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Trump Administration Notifies Congress of Intent to Renegotiate NAFTA

The White House formally notified Congress on Thursday of the Trump administration’s intent to renegotiate the North American Free Trade Agreement (NAFTA). The notification letter from U.S. Trade Representative Robert Lighthizer marked the start of a 90-day window to consult with members of Congress on developing negotiation priorities before beginning formal negotiations with Canada and Mexico as early as August 16, 2017.

Currently, there is no indication that renegotiations will impact NAFTA-related immigration programs. However, under the Bipartisan Congressional Trade Priorities and Accountability Act of 2015, the administration’s negotiation objectives are required to be made public 30 days before formal negotiations begin. While the letter to Congressional leadership did not discuss any specific changes to NAFTA, the administration indicated that it would aim to modernize outdated chapters of the agreement and address challenges faced by U.S. consumers, businesses, and workers.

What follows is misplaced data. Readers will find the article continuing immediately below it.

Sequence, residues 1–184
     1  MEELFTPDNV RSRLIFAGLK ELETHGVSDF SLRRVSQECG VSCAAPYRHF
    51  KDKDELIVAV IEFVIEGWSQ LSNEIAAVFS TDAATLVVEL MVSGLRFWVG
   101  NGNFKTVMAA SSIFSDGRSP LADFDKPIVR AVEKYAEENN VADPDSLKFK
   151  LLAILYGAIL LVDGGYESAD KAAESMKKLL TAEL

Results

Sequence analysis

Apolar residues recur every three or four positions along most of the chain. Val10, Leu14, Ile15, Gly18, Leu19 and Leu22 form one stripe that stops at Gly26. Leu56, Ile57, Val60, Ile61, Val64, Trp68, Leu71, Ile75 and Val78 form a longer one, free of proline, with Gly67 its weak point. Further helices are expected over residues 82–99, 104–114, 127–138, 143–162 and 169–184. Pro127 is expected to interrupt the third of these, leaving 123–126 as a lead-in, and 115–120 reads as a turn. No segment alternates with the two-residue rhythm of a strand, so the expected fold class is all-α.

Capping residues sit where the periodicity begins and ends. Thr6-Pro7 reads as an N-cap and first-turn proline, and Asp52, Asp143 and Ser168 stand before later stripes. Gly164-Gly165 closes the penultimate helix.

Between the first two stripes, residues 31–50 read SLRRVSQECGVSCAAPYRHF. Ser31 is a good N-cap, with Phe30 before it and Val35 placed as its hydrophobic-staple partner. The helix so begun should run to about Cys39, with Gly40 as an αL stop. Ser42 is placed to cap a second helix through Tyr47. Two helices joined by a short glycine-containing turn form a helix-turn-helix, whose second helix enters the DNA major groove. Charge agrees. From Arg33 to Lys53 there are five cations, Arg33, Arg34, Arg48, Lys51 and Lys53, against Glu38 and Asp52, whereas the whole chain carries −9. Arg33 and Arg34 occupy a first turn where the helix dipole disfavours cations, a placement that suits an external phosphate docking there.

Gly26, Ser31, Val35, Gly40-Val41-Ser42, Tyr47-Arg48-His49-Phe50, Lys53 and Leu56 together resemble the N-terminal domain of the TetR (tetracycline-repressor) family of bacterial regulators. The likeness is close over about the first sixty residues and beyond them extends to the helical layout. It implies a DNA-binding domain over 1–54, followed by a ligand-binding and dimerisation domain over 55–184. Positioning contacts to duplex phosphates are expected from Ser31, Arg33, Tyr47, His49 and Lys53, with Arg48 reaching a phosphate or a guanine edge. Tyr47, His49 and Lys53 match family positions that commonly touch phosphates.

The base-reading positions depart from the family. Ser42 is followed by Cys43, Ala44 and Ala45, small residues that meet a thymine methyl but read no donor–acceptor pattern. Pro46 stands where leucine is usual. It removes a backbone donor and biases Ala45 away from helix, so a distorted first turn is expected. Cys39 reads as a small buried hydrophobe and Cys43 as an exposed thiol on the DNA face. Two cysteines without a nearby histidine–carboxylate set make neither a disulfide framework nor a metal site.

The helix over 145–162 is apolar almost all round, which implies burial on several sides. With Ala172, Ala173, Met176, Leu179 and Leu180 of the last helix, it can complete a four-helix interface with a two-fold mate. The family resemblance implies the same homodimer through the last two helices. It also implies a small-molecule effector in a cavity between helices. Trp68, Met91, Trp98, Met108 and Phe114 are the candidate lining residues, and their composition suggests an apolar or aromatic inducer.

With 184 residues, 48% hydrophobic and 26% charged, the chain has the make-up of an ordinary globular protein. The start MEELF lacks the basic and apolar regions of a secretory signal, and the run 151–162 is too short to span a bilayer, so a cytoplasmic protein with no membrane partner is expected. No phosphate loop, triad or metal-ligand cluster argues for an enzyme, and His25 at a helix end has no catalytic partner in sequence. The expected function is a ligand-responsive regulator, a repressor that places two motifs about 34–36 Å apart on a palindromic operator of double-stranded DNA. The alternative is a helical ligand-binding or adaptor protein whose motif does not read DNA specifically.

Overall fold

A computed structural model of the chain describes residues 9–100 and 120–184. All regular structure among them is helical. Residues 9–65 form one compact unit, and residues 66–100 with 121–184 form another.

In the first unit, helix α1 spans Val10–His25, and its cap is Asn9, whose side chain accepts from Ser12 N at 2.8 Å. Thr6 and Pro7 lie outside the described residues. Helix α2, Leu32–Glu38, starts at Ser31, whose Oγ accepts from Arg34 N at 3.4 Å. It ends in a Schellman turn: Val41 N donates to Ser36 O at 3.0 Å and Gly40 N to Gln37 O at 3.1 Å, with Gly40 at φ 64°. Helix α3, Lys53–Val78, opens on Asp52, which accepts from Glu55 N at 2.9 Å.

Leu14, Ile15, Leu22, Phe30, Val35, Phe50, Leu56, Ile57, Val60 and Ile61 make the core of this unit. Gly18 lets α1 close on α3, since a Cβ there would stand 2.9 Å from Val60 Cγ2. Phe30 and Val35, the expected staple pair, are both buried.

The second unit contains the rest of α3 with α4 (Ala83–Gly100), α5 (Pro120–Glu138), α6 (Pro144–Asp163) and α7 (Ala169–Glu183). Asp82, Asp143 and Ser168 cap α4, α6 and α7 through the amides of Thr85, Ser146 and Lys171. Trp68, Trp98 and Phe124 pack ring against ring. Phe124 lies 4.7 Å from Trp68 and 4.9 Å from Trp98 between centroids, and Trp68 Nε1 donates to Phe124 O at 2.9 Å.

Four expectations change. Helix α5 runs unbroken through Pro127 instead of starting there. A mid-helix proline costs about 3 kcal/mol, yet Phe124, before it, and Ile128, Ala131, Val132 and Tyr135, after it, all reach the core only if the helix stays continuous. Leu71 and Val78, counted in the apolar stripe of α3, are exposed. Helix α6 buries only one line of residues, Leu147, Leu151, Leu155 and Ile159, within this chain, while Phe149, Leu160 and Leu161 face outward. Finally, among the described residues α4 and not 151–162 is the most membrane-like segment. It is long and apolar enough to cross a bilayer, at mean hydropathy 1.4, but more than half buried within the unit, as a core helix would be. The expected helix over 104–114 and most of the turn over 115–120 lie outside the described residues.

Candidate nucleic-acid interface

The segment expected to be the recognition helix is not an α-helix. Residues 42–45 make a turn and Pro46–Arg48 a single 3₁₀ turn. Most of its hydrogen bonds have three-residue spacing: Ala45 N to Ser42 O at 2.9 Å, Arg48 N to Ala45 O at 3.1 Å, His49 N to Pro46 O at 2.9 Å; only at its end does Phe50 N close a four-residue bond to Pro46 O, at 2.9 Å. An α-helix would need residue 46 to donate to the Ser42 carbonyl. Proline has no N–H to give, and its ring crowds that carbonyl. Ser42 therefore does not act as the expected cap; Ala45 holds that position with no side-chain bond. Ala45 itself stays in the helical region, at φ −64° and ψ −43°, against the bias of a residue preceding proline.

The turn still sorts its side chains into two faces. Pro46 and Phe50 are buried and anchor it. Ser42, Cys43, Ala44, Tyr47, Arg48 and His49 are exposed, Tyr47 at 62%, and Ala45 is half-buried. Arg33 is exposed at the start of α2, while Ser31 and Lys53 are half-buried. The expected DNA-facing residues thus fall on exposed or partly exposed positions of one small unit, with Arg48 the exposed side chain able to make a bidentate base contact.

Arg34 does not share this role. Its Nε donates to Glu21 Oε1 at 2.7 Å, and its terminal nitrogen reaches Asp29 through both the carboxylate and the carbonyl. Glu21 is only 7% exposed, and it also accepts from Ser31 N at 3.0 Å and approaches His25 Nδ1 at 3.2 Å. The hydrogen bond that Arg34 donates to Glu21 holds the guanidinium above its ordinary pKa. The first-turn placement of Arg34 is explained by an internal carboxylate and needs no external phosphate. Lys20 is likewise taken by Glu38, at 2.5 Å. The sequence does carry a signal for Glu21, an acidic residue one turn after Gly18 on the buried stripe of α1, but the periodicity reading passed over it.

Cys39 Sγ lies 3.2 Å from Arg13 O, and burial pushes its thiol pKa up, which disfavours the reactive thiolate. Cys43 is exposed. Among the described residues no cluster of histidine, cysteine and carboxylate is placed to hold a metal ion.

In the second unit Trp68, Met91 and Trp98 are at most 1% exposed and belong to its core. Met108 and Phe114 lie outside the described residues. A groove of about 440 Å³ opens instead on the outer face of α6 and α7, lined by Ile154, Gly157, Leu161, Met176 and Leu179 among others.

NAFTA Immigration Programs

Among other economic and trade relationships established under NAFTA, the agreement created the TN nonimmigrant classification, which allows certain citizens of Canada and Mexico to work temporarily in the United States in a professional capacity. The agreement also provides an expanded range of permissible business activities for Canadian and Mexican citizens in B-1 visitor status and permits Canadian citizens to submit L-1 intracompany transferee petitions directly at U.S. ports of entry and pre-flight inspection stations for adjudication by U.S. Customs and Border Protection.

Whether the Trump administration intends to alter existing immigration programs under NAFTA is not yet known. 

© 2017, Ogletree, Deakins, Nash, Smoak & Stewart, P.C., All Rights Reserved.

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About this Author

Kara Kelly, Ogletree Deakins Law Firm, Immigration Attorney
Associate

Kara practices primarily employment-based immigration, assisting businesses and individuals with obtaining nonimmigrant and immigrant visas for foreign nationals. Kara previously worked at a boutique immigration law firm in New York, where she handled nonimmigrant and immigrant visa applications for individuals of extraordinary ability in a wide variety of creative industries.  She also prepared visa applications for multinational managers, as well as temporary employment visas for specialty occupations employees.

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